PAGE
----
Engaging, dynamic, powerful. Nilaja Sun is all these things, and so is her one-woman play, “No Child…”, a featured Melbourne Festival production at the Arts Centre Melbourne.
Written and performed by Sun, and directed by Hal Brooks, “No Child…” is a witty theatrical commentary set in the New York City public school system. Sun paints a picture of the Malcolm X High School (located in the Bronx), playing 16 characters to perfection – teachers, students, parents, custodian and security staff, and the college principal. The overarching story is of the development of a Year 10 play; a government funded arts fill-in program designed to occupy the twenty-seven ‘worst students in the school’ for six weeks. It’s very “Dangerous Minds”: the rookie teaching artist, the students plagued by abuse, poverty and low self-worth.
Well-developed mannerisms, physicality, voice and expression make each character a delight. We’ve seen these characters before but they’re not stereotypical – Sun fleshes out new angles.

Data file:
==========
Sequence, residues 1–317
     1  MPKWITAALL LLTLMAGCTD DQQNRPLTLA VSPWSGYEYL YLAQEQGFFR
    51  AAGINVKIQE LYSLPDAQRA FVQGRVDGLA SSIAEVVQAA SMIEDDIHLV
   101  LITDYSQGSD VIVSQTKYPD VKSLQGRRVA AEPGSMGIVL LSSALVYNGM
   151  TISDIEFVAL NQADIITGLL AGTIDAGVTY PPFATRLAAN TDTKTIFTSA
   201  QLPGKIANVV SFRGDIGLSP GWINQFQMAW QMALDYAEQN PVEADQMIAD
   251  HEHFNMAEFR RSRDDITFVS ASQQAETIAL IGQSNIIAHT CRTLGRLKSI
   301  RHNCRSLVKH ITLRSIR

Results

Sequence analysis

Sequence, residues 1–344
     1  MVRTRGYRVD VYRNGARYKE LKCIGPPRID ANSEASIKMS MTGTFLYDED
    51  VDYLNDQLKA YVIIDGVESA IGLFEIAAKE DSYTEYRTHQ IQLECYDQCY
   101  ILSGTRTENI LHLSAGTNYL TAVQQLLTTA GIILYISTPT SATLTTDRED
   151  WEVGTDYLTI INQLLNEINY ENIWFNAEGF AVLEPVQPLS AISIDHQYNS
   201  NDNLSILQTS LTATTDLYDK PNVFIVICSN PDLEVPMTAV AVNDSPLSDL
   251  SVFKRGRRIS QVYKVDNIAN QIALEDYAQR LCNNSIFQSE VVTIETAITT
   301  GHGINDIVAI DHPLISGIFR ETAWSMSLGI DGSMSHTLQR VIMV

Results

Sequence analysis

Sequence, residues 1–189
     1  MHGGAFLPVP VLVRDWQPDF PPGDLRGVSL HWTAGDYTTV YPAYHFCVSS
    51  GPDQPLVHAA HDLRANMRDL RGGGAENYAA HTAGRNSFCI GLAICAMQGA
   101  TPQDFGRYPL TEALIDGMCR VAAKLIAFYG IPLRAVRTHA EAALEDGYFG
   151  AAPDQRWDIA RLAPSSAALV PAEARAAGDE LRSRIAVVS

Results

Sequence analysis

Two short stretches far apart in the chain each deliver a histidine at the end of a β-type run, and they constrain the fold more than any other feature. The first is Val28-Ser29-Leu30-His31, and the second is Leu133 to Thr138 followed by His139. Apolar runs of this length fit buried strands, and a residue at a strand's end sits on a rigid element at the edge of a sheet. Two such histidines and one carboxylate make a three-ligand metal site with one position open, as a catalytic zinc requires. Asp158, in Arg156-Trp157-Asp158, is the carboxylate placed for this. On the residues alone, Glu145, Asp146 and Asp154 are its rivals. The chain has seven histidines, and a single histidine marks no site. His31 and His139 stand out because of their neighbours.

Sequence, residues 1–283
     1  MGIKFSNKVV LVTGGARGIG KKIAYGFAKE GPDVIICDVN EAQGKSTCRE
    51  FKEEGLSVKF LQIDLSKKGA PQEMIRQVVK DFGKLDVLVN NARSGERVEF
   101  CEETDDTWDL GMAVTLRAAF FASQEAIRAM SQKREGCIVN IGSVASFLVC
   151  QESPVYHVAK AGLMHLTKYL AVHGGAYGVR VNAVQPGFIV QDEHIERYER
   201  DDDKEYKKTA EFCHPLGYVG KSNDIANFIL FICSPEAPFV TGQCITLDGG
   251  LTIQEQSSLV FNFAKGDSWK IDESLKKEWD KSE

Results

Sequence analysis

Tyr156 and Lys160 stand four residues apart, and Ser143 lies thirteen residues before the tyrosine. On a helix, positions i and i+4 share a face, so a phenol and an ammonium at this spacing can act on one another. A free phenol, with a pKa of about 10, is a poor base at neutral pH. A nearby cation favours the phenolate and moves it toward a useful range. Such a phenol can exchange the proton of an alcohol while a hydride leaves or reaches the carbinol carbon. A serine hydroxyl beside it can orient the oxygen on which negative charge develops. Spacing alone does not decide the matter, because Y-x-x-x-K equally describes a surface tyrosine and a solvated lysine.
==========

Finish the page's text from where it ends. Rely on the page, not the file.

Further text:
Occasionally Sun delivers a monologue, other times she divvies back and forth between characters. The former allows Sun to slow down and explore; the latter provides humour and begets wonder how Sun has the energy and ability to do this. Her range is extensive as she uncannily portrays different genders, ages, nationalities and socio-economics.
Performed over 700 times around the world, the set consists of five chairs. The lighting plan, whilst simple, requires sharpness to mirror Sun’s transition between characters. Minimalism is evident in Sun’s costume too: blue trousers and a white shirt, versatile for all the characters.
Not minimal are the subtexts. The show touches on neglect, abuse, death, teen pregnancy, gangs, safety, and the state of the American public school system. The learning isn’t limited to the students though. The audience learns to look beyond the attitude and really see the student. It’s quite a journey by the end of the show, and the explosion of emotions is surely what drove the ten minute standing ovation for Sun on opening night.
Anyone that has ever spent time in a classroom would adore this show, finding humour and familiarity in the situations. Truly unique and innovative in its delivery, “No Child…” is not to be missed.